Pulling for the little guys… (My review of American Barrels Bourbon Whiskey)

One of the coolest parts of my new hobby is getting to know new people on social media.  I am pretty active on Twitter and Reddit, and have met a lot of good bourbon folks on those sites.  Another cool part is that it gives me access to pictures and reviews of spirits that I have not tried, or spirits that are new and not available everywhere.  One night while browsing Twitter, a new follower tweeted a picture of what I thought was the coolest bottle of bourbon I had ever seen.  It had a snake, a dog tag, a shotgun, and looked like a bullet casing.  The name of the bourbon was American Barrels Bourbon Whiskey.  All of that screamed ‘Merica like no other product I had seen.  I had to try this stuff.  I contacted the Twitter person and eventually I was led to Michael Reed, owner of American Barrels.  I requested a small sample, I got a bottle.  I was impressed, but I vowed to make my review honest, and not swayed by the more than generous sampling of the product.  It was only fair to the company, and to people reading this, if I kept an honest opinion no matter what.  I sampled the bottle a few times before sitting down to write this review.


As I described above, the bottle is really cool.  Michael Reed says he came up with the idea for the brand and bottle while at a bar at Indiana University.  He says he designed it as a “shotgun shell wrapped in the iconic American rattle snake,” and that the name American Barrels represented “whiskey barrels and gun barrels, the two barrels Americans hold quite [sacred]”.  It is a very cool looking bottle.

I have to be honest, the first time I opened this bottle and gave it a big whiff, it smelled like Moonshine.  The back of the bottle states that the bourbon is aged less than 2 years, and it was apparent in the nose.  Grain alcohol mixed with corn prevailed on the nose, and maybe a little bit of caramel.  Just to compare, I opened up my half empty bottle of Prichard’s White Lightning and took a whiff.  Ok, that’s moonshine.  This stuff just smells like a mix between moonshine and bourbon.  After a few weeks open, the nose of the bourbon lightened up a little bit, but not by much.  There is no depth to the smell of the bourbon, and is expected for such a young juice.

When I first poured it neat, I was a little scared.  I expected the gross, grainy, corn based rocket fuel flavor of Moonshine.  At a minimum, I expected it to burn quite a bit, even if I got a taste of some bourbon in there.  I took a sip and let it sit on my tongue for a second before swishing it around and swallowing.  I winced and readied for the pain…and…it never came.  I was pleasantly surprised.  There was very little burn.  Pecan, peanuts, and caramel were consistent flavors for me.  As Michael stated, “It’s a young bourbon, but it’s filtered through a unique post – barrel refinement system that uses ultra sonic energy to remove the minor alcohols which results in a taste profile of a more mature whiskey, but as a bonus essentially double the smoothness and the removal of the hangover effect.”  Now, I haven’t had a hangover in a long time, but regardless, I liked the idea of not having one.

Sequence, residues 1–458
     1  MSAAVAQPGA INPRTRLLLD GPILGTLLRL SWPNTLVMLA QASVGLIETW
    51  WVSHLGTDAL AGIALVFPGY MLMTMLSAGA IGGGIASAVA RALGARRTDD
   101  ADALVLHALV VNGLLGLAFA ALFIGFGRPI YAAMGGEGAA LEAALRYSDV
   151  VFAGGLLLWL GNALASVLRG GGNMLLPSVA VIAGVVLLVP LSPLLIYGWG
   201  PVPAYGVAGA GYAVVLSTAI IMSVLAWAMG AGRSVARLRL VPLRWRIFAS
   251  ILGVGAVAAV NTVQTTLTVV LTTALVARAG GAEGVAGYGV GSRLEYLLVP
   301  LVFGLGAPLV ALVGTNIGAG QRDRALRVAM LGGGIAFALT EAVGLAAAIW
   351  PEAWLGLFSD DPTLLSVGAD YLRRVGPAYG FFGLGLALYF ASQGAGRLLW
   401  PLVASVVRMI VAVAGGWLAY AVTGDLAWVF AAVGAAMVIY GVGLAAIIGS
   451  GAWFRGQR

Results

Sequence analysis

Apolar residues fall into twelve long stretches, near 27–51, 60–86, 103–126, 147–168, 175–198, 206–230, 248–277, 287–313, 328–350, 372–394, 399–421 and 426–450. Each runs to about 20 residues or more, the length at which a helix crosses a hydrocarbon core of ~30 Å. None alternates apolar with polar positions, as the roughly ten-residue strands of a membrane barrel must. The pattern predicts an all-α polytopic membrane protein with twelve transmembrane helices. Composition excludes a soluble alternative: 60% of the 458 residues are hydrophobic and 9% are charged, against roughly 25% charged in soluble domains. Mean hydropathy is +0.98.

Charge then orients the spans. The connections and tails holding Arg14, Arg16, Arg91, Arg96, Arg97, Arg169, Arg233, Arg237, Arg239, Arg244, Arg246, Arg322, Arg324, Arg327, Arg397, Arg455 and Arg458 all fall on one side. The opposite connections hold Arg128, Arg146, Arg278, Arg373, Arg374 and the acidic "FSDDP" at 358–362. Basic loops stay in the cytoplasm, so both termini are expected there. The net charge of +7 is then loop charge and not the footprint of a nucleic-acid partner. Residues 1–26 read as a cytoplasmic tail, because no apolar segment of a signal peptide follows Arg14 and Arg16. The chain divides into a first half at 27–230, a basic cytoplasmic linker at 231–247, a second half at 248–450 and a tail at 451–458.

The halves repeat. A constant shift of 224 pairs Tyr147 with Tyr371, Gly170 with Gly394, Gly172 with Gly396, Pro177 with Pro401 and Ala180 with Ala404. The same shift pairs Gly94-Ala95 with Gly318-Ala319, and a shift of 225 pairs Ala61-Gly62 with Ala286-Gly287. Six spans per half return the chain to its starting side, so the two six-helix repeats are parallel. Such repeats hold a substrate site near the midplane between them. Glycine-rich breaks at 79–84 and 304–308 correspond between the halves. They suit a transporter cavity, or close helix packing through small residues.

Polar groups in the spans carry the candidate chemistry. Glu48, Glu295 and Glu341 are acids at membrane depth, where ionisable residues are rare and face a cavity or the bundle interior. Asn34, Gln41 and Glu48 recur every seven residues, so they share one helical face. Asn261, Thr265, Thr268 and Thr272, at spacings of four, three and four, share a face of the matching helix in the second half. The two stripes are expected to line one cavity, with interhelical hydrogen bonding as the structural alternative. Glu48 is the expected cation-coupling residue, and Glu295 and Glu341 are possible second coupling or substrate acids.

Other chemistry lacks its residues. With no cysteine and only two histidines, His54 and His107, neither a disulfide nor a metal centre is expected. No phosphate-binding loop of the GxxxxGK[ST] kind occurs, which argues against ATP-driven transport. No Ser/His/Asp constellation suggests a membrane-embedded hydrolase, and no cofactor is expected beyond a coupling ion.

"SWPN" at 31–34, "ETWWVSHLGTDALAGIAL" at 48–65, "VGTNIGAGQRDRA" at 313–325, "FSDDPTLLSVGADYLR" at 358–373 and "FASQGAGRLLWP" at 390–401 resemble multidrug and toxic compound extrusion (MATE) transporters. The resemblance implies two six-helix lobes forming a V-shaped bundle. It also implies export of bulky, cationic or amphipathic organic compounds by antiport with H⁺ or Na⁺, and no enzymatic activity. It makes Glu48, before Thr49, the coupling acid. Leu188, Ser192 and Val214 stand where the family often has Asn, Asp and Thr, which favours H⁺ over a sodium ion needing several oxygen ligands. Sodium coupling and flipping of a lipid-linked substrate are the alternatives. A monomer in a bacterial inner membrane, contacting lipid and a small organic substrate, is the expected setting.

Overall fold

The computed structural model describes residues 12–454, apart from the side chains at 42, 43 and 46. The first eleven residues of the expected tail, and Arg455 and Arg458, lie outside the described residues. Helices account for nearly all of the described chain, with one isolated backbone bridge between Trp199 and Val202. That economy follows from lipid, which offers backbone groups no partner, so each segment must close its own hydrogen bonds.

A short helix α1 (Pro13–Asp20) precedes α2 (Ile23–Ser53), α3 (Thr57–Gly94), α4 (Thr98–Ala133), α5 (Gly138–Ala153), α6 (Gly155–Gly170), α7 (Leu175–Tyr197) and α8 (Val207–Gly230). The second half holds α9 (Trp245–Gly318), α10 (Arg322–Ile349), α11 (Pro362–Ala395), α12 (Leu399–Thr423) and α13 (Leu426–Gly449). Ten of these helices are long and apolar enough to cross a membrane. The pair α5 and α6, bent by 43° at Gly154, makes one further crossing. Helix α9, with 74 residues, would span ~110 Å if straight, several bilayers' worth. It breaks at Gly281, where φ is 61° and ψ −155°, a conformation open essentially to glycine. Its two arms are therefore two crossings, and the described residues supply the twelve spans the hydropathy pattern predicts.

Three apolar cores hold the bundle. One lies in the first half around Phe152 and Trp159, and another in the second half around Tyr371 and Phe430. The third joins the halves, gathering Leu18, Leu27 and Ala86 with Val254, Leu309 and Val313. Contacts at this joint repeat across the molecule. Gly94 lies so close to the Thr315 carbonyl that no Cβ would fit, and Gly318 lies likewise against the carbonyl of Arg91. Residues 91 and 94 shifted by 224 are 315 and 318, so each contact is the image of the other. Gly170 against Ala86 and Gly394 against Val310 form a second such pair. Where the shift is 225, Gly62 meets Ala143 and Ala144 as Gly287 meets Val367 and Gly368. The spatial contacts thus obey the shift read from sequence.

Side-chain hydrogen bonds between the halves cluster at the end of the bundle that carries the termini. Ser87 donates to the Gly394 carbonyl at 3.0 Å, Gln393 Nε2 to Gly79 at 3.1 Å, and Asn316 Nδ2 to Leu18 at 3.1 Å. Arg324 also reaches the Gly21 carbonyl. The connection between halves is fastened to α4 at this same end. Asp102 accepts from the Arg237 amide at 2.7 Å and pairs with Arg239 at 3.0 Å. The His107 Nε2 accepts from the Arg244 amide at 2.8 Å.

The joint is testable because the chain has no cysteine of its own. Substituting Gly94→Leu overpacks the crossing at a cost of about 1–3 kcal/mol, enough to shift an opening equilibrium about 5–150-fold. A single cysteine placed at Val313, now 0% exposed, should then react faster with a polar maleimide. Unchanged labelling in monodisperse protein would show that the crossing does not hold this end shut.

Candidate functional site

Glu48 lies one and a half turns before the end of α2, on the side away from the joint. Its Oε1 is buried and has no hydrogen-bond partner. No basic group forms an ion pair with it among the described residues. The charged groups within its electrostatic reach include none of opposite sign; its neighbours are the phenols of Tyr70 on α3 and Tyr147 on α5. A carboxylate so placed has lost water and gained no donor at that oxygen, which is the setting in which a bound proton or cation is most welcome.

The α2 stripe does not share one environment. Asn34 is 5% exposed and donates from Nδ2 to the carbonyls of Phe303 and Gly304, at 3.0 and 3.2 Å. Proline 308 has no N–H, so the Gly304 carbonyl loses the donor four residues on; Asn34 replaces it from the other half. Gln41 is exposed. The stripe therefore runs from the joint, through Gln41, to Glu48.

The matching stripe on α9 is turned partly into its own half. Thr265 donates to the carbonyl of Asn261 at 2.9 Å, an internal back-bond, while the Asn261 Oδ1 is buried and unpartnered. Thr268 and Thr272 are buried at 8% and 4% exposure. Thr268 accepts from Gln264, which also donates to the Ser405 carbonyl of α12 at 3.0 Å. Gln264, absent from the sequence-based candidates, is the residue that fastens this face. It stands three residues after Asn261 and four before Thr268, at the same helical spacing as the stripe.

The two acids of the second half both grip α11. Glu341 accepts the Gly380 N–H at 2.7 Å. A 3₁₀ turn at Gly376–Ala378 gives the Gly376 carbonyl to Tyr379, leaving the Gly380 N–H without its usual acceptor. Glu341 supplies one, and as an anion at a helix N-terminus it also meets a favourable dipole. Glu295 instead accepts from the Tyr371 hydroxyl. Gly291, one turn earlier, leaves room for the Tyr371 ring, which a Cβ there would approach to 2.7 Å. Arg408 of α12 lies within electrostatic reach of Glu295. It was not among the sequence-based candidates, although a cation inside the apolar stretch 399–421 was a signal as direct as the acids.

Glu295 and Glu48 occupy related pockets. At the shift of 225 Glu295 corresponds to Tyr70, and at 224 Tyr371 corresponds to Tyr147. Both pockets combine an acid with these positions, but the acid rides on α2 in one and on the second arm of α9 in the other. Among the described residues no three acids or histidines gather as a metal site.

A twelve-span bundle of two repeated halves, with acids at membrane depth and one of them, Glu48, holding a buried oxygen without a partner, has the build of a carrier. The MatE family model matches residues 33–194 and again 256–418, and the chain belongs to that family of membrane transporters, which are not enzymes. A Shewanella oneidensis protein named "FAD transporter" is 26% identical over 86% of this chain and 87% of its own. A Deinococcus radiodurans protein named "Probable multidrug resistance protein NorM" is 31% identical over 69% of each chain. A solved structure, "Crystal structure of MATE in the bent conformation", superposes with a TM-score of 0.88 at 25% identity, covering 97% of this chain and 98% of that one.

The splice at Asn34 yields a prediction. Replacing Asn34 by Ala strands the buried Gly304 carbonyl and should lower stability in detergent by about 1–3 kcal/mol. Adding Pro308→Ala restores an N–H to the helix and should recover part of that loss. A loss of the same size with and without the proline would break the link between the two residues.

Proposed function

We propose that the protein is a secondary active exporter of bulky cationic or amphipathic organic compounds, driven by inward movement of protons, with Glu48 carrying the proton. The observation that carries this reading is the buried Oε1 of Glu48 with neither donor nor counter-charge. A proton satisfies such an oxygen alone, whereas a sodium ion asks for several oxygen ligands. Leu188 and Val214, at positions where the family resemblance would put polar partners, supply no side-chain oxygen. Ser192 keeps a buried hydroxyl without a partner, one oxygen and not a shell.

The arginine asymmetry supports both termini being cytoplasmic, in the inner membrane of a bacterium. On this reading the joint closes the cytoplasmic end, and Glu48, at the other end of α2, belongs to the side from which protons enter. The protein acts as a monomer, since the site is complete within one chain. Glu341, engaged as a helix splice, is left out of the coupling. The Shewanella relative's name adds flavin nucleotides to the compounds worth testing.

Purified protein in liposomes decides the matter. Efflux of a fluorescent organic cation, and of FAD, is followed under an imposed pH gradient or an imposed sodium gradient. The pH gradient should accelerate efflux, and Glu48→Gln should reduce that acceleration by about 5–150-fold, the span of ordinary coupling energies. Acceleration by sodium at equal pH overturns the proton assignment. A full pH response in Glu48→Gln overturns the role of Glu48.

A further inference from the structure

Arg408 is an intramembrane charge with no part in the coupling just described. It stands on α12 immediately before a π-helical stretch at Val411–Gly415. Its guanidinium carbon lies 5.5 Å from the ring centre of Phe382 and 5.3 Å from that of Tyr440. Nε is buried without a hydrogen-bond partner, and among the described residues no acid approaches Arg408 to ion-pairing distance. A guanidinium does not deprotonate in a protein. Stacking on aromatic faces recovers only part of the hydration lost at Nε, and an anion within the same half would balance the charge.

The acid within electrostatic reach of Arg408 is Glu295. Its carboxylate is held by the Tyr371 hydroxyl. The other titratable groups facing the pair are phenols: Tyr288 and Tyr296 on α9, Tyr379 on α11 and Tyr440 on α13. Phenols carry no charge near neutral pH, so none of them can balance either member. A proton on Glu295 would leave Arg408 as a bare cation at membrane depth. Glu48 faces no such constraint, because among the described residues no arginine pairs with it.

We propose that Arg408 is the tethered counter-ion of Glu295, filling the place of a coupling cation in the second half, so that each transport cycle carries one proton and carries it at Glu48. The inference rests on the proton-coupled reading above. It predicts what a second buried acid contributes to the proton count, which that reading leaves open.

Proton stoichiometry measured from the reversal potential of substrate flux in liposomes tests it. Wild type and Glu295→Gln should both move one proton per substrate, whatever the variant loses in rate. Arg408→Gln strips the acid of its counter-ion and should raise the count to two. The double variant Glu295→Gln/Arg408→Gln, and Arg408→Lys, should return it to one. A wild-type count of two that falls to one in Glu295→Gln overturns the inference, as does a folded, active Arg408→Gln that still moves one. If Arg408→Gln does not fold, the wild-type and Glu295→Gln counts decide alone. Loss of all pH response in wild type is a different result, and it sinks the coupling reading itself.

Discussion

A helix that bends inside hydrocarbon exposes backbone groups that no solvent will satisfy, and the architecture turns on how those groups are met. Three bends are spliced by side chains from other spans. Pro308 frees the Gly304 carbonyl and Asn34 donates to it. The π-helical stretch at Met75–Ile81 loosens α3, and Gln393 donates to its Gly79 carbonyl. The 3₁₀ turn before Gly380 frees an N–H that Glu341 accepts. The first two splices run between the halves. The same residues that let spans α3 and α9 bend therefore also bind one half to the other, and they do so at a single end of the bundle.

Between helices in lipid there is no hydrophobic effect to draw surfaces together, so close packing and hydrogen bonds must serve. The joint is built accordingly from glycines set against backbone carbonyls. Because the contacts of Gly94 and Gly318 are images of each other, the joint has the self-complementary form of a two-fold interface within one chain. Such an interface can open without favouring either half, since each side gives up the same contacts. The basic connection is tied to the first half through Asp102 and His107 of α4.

Though the taste is not bad, there really is no finish.  There is a little alcohol burn at the end, but not much bourbon flavor.  I think that is also a trait of young bourbons.  There is no oak or caramel sweetness lingering after the fact that I have come to love with bourbons.  To be fair, American Barrels is not a sipping bourbon.  At least not for me.  I made a few mixed drinks with the bourbon and I can say that is where this stuff truly shines.  It mixes well in an Old Fashioned, and in a Manhattan, and I even preferred it over Buffalo Trace.  The nice smooth palate remains, but the mix of the drink removes the lingering alcohol finish.

So in conclusion, American Barrels Bourbon Whiskey is probably not going to become a regular drink for me.  It’s young, it lacks depth in smell and finish compared to what I usually drink.

But this is a new company, with a new product, and I came away impressed.  It’s a young product trying to compete in a world of 10+ year aged bourbon.  How can anyone expect to come right out with a well polished bourbon and compete in the market place?  It takes time, it takes money, and it takes a passion.  Michael Reed with American Barrels has that passion.  He will continue to improve his product and continue to expand.  He has already produced a product that I prefer over a well-known brand name in mixed drinks.  I expect good things from American Barrels in the future and I look forward to hearing about it’s successes in the years to come.

Cheers to you Michael Reed, keep on fighting the fight of the little guys.

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